Capitalizing on low-latency / high-performance applications

March 22, 2021
Manufacturers can use private 5G and MEC solutions to quickly deploy low latency and high-performance applications.

Imagine factories wirelessly connected on a private network with minimal interference and millisecond response time: assembly lines running automatically, computer vision auto-detecting product defects quickly and autonomous forklifts moving material from one end of the line to the other, weaving between factory workers and objects. With the help of 5G and mobile edge computing (MEC), the future of manufacturing is closer than ever.

As industries adapt and progress during and after the pandemic, technological advancements are at the forefront of recuperation. In fact, seven in 10 business leaders agree that access to 5G will accelerate recovery, and more than half agree that 5G is a top company priority to create innovative solutions that solve immediate problems. 

Manufacturers can use private 5G and MEC solutions to quickly deploy low latency and high-performance applications that lower costs and improve safety, precision and efficiency. 

Here is how 5G and MEC can help:

Safety first

Manufacturing decision-makers are already looking at artificial intelligence (AI) with machine learning to support worker safety, with 74% likely to implement these approaches within their companies in the next two years. Assembly line safety requires quick decision making, and 5G’s low latency, high bandwidth and massive capacity are necessary for AI and machine learning to accelerate response time and process high volumes of data. Detecting potential dangers has historically been the responsibility of teams on the ground. Now, cameras equipped with computer vision, a subset of AI combined with video data, can be part of the manufacturing process and flag, detect and even potentially shut down certain processes that pose risks for workers on the floor, while the safety team addresses an issue.

For example, a glass manufacturing plant could use cameras equipped with computer vision to detect when molten hot glass is piling up, anticipating and reducing the risk of a fire. Or consider autonomous mobile robots (AMRs); 5G and MEC can reduce the need for computing hardware and battery capacity on the AMRs and enable real-time interaction and a closed-loop control of the vehicles delivering high-reliability and safety of production services within the factory.

Quality control made easier

5G and MEC can also streamline the time-consuming, manual quality-control process. Similarly with worker safety, computer vision running on 5G and MEC can help identify and predict quality defects on the assembly line. This system, in concert with assembly-line product sensors, can help support quality control and make it not the sole responsibility of assembly line workers. High resolution cameras can take photos of products on an assembly line, then send the photos to applications running on the MEC, where a stock image of the correct design can be layered over the photos. The production-line controller can then be automatically notified if there are any deviations, allowing them to make changes and ensure product quality.

Improving operational efficiency

With both worker safety and quality control, another differentiator of 5G and edge computing is that plants can do away with the extensive wiring that is needed to support a plant’s network. MEC running on private networks creates a secure, dedicated computing platform within factories, providing unified connectivity, compute and storage, without extensive networking and IT infrastructure. While sensors and computer-vision implementation is a reality at some factories today, the improvements in operational efficiency without the physical hardware and wires for manufacturers will usher in new flexibility and productivity.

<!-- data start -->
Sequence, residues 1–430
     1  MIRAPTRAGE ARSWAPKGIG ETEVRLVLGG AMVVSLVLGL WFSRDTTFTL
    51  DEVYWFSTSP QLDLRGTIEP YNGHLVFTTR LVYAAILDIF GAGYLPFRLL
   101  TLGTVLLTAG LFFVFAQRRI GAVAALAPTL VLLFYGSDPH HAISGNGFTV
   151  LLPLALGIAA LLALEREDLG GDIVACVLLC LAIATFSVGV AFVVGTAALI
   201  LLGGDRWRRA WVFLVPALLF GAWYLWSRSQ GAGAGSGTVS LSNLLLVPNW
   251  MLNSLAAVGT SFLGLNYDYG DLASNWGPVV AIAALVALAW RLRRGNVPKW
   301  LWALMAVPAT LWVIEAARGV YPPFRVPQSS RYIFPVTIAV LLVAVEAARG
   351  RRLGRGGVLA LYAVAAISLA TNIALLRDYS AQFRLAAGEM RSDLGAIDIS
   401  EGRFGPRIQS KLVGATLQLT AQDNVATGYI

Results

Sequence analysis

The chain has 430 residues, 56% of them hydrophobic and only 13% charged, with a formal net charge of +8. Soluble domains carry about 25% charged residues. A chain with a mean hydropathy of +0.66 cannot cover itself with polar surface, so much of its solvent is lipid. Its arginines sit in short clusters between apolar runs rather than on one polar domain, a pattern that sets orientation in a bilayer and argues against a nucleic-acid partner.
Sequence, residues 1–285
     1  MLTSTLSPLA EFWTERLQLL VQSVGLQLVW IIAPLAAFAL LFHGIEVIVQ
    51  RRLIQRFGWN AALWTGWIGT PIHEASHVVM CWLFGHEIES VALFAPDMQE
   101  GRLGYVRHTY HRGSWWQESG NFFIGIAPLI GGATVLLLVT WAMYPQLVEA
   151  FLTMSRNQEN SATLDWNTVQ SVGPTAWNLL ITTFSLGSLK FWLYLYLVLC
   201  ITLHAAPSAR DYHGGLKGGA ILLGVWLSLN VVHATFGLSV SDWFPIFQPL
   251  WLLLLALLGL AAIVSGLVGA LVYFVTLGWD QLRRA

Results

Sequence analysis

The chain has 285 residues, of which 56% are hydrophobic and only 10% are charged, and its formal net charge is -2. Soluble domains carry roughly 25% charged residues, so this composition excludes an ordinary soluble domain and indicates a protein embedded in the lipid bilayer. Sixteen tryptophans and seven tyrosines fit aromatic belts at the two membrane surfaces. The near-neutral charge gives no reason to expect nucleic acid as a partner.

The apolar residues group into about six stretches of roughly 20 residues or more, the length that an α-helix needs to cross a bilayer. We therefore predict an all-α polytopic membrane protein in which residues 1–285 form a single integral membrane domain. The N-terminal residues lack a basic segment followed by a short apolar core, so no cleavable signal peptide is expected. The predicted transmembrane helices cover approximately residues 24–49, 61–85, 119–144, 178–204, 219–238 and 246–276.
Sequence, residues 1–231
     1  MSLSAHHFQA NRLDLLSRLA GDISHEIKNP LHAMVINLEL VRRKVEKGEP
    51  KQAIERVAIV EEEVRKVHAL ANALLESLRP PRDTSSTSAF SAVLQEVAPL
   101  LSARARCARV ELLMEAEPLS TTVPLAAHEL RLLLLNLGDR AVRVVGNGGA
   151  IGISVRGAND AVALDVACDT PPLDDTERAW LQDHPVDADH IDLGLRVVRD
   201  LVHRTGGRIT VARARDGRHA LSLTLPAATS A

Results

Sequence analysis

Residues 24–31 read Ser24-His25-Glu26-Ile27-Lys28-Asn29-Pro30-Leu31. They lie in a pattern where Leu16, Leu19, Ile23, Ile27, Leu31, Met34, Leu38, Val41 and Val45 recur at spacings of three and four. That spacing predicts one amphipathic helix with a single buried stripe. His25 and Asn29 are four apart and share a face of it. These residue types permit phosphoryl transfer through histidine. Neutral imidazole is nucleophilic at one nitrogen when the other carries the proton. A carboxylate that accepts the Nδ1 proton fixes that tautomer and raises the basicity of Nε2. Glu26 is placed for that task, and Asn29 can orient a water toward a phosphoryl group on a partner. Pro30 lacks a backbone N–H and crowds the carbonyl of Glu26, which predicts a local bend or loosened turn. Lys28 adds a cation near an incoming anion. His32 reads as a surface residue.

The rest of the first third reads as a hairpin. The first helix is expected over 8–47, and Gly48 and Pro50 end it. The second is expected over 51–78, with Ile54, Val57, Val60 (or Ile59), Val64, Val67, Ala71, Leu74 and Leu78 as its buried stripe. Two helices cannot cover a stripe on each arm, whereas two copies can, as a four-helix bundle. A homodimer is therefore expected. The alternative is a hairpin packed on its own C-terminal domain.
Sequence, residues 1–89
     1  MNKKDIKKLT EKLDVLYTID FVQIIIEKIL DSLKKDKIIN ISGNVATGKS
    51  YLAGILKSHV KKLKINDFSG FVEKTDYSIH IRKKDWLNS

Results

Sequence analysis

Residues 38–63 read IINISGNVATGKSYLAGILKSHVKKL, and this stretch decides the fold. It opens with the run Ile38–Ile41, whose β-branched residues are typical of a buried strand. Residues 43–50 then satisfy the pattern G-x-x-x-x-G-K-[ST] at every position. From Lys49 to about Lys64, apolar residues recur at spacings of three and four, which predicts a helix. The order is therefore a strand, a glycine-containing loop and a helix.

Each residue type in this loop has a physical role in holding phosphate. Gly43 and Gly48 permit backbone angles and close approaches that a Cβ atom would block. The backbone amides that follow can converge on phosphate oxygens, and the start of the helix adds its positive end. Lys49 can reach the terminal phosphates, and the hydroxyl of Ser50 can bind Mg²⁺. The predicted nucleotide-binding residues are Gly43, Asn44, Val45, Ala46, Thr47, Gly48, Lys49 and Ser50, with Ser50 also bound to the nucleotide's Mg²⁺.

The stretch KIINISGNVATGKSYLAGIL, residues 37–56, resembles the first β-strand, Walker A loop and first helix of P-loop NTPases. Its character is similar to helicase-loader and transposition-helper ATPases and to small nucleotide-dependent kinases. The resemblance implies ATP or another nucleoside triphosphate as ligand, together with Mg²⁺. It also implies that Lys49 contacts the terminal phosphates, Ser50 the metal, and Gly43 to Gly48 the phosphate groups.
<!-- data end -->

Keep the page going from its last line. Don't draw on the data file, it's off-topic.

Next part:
Manufacturing plants traditionally operate with a complex wiring infrastructure—connecting increasingly sophisticated technologies like industry robots and manufacturing monitoring systems. Running a factory on a private MEC platform on premises means a significant reduction in the cables and hardware installations and the overhead costs to replace them. One of the key benefits of removing complex wiring is the ability for plants to design and adjust assembly lines that can complete multiple tasks at the same time.

For example, traditionally, without the wireless benefit of 5G and MEC, a manufacturing plant that wants to have two product lines would need individual controllers for each line. However, with MEC and a 5G network, manufacturers can instead have one virtualized location that controls all lines—improving productivity and lowering costs. It would also make it easier to quickly change the product being assembled on the line from one to another.

From start to finish, 5G and private MEC have the potential to radically change the factory experience. 5G and MEC will help factories of the future better manage quality control and AMRs, and enable predictive maintenance, near real-time monitoring and hazard alerts. They will help manufacturers skip the manual and time-consuming processes of today, while helping to keep workers safe. And, ultimately, with a wireless and untethered factory, manufacturers will see increased flexibility and efficiency as virtualized processes run over MEC and 5G, resulting in a more streamlined and cost-effective manufacturing system. 

By Nick DelRegno, fellow at Verizon